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The Hammurabi Code

The Code of Hammurabi is the emblem of the Mesopotamian civilization. The high basalt stele erected by the king of Babylon in the eighteenth century BC AD is a work of art, a historical and literary work and the most complete legal collection of antiquity, prior to biblical laws. Transported by a prince from the neighboring country of Elam in Iran, in the 12th century BC BC, the monument was exhibited on the acropolis of Susa amidst other prestigious Mesopotamian masterpieces.

The text is written in cuneiform script and in Akkadian language. It is divided into three parts:
- a historical prologue recounts the investiture of King Hammurabi in his role of "protector of the weak and the oppressed", as well as the formation of his empire and his achievements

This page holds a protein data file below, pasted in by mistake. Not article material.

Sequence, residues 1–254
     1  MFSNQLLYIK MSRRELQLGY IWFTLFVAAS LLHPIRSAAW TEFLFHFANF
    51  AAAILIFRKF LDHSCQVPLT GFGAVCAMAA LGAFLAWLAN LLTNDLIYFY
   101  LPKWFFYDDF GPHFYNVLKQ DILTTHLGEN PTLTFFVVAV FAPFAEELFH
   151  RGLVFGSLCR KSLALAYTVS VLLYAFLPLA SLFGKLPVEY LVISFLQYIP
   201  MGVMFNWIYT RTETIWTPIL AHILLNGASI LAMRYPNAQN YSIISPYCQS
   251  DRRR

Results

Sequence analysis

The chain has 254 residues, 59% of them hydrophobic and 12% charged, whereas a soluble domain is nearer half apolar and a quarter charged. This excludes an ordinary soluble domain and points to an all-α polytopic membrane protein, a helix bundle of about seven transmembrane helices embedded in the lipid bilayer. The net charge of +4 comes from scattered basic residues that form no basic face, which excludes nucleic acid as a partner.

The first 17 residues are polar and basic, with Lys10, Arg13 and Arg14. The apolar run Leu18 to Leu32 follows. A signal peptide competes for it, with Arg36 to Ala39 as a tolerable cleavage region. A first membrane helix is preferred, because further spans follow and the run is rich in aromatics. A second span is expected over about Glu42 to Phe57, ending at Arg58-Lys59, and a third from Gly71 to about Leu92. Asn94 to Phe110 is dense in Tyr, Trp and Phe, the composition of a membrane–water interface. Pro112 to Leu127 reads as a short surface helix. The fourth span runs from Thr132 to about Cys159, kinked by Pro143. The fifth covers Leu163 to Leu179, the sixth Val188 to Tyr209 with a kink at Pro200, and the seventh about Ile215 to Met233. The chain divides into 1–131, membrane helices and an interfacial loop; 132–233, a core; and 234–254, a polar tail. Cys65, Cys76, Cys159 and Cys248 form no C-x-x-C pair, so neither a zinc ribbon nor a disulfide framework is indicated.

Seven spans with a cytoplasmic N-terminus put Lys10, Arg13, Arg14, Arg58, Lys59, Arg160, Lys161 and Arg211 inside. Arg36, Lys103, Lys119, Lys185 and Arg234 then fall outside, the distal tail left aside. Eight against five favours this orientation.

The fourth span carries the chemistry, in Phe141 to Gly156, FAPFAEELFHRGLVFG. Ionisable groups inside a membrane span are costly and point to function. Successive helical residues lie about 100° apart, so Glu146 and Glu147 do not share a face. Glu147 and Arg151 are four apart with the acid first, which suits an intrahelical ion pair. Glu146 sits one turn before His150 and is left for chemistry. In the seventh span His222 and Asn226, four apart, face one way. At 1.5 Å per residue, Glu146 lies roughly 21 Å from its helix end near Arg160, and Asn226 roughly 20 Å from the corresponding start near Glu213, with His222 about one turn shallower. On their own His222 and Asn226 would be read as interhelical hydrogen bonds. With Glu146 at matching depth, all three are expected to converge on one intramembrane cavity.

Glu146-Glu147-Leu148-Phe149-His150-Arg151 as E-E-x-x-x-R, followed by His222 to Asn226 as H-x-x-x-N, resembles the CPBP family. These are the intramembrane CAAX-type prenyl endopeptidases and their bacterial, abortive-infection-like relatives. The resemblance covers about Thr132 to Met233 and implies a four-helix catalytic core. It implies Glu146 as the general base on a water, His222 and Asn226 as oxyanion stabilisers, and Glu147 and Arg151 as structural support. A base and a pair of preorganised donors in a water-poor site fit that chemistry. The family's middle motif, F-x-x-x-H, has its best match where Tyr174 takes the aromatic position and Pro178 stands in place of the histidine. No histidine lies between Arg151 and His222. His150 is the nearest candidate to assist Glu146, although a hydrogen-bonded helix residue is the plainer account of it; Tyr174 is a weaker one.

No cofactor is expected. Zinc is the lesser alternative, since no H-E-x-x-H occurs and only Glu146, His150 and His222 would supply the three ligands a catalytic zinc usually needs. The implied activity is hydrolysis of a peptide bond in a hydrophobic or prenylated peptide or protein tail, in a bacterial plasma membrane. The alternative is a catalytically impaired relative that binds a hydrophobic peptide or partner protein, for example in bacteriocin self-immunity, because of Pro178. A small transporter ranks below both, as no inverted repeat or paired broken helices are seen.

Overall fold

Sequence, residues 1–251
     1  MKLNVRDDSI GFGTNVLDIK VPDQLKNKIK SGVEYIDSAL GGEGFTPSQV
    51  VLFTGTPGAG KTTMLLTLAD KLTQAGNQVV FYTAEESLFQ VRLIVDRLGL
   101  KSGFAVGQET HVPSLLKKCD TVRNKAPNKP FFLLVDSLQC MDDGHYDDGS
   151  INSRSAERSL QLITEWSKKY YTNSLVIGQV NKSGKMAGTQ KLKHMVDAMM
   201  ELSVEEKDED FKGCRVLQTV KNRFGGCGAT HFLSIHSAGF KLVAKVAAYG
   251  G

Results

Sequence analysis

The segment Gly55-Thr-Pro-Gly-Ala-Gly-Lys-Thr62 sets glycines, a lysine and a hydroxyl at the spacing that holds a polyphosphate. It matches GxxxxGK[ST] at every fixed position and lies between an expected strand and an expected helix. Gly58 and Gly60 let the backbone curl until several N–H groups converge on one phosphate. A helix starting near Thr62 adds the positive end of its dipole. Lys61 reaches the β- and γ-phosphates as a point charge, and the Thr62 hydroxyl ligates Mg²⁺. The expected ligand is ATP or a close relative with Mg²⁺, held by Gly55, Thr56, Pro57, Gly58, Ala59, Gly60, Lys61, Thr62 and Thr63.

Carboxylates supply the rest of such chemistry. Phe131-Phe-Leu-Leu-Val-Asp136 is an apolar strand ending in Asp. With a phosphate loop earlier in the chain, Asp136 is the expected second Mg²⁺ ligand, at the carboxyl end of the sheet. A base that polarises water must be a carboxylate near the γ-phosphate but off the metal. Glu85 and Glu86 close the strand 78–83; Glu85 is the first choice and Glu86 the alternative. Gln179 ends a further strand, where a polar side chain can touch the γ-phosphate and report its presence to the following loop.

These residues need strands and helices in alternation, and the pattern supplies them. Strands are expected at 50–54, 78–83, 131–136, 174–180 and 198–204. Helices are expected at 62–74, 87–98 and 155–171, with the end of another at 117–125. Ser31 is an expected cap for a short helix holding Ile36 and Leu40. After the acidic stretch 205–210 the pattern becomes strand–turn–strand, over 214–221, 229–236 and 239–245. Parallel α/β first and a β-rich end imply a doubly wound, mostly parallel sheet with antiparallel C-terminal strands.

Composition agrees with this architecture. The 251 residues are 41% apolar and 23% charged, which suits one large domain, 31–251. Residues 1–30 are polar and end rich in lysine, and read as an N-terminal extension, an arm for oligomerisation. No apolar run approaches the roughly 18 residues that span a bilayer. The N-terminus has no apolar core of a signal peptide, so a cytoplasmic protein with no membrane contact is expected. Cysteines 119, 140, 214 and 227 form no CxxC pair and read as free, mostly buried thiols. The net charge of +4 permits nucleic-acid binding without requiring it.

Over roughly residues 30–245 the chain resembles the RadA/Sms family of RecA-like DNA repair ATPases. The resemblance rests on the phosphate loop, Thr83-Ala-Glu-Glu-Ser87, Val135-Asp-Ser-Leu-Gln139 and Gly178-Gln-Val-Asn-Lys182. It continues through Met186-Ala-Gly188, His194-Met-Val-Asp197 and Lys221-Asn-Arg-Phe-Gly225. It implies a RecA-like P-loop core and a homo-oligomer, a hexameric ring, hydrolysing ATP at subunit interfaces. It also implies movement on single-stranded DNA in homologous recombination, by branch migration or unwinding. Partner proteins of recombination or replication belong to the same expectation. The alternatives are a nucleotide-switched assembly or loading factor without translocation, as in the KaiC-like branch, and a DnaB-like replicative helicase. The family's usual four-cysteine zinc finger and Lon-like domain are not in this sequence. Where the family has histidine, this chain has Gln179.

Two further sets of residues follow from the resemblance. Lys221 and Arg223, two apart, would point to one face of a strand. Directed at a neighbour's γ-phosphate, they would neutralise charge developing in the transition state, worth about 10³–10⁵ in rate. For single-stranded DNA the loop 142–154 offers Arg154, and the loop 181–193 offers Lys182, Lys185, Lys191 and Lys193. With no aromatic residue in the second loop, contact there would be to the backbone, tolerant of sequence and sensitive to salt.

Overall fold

- a lyrical epilogue summarizes its work of justice and prepares its perpetuation in the future
- these two literary passages frame nearly three hundred laws or rulings, referring to the regulation of daily life in the kingdom of Babylon.

The Code of Hammurabi first of all has a value as a model, as a treatise on the exercise of the judiciary power, written from the perspective of Mesopotamian science which never rises from the particular to the general. The observation of several similar cases does not give rise to the statement of a general and universal principle, that is to say a law. It is not indeed a code of laws in the sense that we hear it today, but rather a collection of case law. The contradictions and illogisms that can be noted (two similar cases involving different results) can be explained by the fact that we are dealing here with particular judgments from which the too intimate elements have been removed, for example the names of the protagonists. Because in Mesopotamia justice was a royal prerogative, Hammurabi presents a choice of the wisest judicial decisions he has had to make himself or ratify.

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